Activists could try science instead. Stop exaggerating the research, stick with reports from the IPCC and major climate agencies, and accurately describe the large uncertainty of climate forecasts. Of course, that is not as scary as their usual tactics.

Stand back I'm trying science.

Why the (possible) stair steps in warming? (updated)

Where did the heat come from in the massive warming during the 2014-2016 El Nino period? A new paper proposes an answer: “Big Jump of Record Warm Global Mean Surface Temperature in 2014-2016 Related to Unusually Large Oceanic Heat Releases” by Jianjun Yin et al. in Geophysical Research Letters (in press).

A recent paper give an explanation of this pattern: “Reconciling the signal and noise of atmospheric warming on decadal timescales“ by Roger N. Jones and James H. Ricketts in Earth System Dynamics, 8 (1), 2017 — Abstract…

“Interactions between externally forced and internally generated climate variations on decadal timescales is a major determinant of changing climate risk. Severe testing is applied to observed global and regional surface and satellite temperatures and modelled surface temperatures to determine whether these interactions are independent, as in the traditional signal-to-noise model, or whether they interact, resulting in step-like warming.

“This model indicates that in situ warming of the atmosphere does not occur; instead, a store-and-release mechanism from the ocean to the atmosphere is proposed. It is physically plausible and theoretically sound. The presence of step-like – rather than gradual – warming is important information for characterising and managing future climate risk.”

This paper points us to another perspective on climate change. Ocean heat content (OHC) is in many ways the best metric of warming. This was controversial when Roger Pielke Sr. first said it in 2003 (despite his eminent record, Skeptical Science called him a “climate misinformer” – for bogus reasons). Some scientists point to changes in the ocean’s heat content as an explanation for the pause.

Graphs of OHC should convert any remaining deniers of global warming (there are some out there). This shows the increasing temperature of the top 700 meters of the oceans, from NOAA’s OHC page. See here for more information about the increase in OHC. It is in a sense the clearest metric of global warming. Why do we not see this graph more often? Probably because it is not scary.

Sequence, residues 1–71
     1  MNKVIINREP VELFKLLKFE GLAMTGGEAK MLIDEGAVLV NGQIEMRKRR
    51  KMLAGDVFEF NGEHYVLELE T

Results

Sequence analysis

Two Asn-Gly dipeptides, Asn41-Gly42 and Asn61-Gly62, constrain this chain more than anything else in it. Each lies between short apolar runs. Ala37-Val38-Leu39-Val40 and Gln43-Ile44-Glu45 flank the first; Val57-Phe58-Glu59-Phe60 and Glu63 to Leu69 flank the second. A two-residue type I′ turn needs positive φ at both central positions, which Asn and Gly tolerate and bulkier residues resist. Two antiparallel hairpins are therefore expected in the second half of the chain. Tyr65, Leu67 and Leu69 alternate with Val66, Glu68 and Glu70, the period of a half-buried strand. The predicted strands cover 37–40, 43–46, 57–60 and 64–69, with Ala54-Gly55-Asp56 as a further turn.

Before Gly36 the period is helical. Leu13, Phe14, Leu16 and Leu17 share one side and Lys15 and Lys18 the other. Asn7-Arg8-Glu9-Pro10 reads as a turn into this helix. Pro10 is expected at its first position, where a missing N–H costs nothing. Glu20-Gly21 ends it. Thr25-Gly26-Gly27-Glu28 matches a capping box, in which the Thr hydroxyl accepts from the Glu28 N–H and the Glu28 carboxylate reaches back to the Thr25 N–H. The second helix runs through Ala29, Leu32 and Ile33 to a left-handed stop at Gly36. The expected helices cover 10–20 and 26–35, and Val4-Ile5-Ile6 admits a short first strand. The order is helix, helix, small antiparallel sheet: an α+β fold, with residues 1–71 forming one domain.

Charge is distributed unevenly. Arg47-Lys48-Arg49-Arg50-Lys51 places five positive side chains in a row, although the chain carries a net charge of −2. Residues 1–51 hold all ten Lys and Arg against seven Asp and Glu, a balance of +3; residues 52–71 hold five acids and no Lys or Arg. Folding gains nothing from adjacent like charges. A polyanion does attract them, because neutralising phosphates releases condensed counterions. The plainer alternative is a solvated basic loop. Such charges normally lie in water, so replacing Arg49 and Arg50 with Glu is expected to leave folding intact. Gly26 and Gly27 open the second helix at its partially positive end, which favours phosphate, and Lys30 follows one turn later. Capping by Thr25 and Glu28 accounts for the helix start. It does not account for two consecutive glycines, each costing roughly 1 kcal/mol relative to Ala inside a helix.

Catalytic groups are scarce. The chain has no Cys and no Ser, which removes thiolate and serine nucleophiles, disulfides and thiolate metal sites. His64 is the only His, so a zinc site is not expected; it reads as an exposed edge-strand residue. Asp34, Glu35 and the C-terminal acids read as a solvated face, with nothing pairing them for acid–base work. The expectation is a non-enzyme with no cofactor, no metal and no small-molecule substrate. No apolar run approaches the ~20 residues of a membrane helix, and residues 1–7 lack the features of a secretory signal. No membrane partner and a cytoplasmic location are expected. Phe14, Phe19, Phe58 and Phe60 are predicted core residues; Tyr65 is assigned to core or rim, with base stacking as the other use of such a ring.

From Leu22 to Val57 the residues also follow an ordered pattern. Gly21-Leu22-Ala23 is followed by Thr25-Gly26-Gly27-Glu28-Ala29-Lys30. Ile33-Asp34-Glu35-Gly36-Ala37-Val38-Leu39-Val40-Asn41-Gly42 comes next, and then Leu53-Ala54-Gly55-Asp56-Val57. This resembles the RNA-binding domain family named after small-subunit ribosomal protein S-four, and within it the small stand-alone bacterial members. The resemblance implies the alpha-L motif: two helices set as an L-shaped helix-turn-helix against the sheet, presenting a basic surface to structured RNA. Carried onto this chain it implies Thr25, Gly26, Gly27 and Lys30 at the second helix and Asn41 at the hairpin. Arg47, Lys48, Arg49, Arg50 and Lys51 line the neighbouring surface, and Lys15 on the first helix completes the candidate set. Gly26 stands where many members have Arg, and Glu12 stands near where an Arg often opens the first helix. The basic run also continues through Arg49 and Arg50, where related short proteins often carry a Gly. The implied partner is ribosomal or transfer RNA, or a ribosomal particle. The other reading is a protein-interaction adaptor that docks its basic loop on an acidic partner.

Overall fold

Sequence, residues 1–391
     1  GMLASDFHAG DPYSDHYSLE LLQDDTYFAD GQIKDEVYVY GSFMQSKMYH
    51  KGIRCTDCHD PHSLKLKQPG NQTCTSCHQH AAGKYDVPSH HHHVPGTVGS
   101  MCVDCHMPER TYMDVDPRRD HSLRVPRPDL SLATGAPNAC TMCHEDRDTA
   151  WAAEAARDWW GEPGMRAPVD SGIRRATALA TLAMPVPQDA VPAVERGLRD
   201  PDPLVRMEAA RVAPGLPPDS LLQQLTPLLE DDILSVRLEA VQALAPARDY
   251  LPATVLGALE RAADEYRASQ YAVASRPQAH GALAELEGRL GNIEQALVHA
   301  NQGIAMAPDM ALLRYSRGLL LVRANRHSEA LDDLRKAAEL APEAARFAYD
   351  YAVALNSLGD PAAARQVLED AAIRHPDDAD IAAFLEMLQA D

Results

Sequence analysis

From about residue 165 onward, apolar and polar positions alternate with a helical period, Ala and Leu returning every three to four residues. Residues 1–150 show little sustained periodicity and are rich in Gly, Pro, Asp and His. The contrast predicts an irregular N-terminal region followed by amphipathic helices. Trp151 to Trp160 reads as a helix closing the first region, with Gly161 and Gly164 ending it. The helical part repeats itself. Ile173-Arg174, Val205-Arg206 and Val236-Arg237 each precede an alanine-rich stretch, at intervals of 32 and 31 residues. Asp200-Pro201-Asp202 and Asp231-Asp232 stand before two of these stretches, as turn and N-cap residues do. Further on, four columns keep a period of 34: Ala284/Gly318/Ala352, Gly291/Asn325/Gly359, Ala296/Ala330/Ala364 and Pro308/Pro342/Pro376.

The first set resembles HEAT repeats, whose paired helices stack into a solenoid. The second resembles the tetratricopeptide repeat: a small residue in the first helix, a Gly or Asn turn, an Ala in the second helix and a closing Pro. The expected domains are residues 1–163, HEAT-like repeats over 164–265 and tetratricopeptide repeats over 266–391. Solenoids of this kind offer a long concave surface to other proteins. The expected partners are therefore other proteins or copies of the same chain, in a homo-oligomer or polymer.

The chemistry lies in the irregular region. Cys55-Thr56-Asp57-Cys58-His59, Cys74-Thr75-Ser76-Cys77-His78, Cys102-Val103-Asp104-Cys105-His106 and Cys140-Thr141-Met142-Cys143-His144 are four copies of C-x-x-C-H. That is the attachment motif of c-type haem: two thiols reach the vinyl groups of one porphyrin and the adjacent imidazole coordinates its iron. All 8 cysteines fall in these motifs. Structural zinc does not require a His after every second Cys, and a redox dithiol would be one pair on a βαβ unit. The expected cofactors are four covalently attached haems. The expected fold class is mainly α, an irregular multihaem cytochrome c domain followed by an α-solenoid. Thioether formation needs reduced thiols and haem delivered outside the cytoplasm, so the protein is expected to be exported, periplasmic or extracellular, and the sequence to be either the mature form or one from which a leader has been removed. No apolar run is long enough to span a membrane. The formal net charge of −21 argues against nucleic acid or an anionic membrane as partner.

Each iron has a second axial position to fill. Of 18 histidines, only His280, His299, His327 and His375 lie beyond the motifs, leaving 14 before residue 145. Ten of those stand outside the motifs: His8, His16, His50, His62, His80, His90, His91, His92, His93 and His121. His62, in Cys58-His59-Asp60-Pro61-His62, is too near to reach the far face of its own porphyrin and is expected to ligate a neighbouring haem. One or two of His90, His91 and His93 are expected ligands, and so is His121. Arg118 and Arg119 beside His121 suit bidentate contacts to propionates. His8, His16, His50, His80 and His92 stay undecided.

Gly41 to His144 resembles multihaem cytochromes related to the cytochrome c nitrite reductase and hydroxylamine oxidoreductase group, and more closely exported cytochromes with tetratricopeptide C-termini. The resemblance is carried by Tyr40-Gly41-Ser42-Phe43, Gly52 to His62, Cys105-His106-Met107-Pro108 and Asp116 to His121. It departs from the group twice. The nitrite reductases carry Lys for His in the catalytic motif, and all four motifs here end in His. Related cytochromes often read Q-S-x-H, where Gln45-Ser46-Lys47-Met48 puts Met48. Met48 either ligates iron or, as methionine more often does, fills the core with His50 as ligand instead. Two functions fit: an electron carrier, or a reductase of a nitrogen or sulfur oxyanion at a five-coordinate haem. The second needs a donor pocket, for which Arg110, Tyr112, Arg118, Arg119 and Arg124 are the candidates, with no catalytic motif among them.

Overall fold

Ocean temperature 0-700m

That’s all a sideshow. Here’s the center ring.

Information about past and present warming is important. But for making public policy decisions, we need to know about future warming. What are the odds of severe warming during the 21st century? There is no easy answer, and no consensus of climate scientists about it. So climate activists either ignore the research (e.g., the 4 scenarios described in AR5) or focus on the worst of these (the truly horrific RCP8.5) while ignoring its unlikely assumptions.

So far the weather has sided with the skeptics, with little of the extreme weather activists predicted. No surge of hurricanes after Katrina (despite the predictions). No sign of the methane monster. Northern hemisphere snow extent has risen since in both the Fall and the Winter. There is little evidence that we have passed one of the often declared “tipping points”.

The smart way to bet is on inaction, as both sides continue their food fight while climate scientists make incremental progress (insufficient to affect the public policy debate. America will not prepare for the repeat of past extreme weather, let alone what we can reasonably expect in the future.

There are ways to break this deadlock, but neither climate scientists nor the US government will push for them. So we hope for pleasant weather. Hope is not a plan.

For More Information

For more information see The keys to understanding climate change, and especially these …

  1. How we broke the climate change debates. Lessons learned for the future.
  2. My proposal: Climate scientists can restart the climate change debate – & win.
  3. Thomas Kuhn tells us what we need to know about climate science.
  4. Daniel Davies’ insights about predictions can unlock the climate change debate.
  5. Karl Popper explains how to open the deadlocked climate policy debate.
  6. Paul Krugman talks about economics. Climate scientists can learn from his insights.
  7. Milton Friedman’s advice about restarting the climate policy debate.
  8. We can end the climate policy wars: demand a test of the models.

via Watts Up With That?

http://ift.tt/2Fc3k41

January 25, 2018 at 04:23AM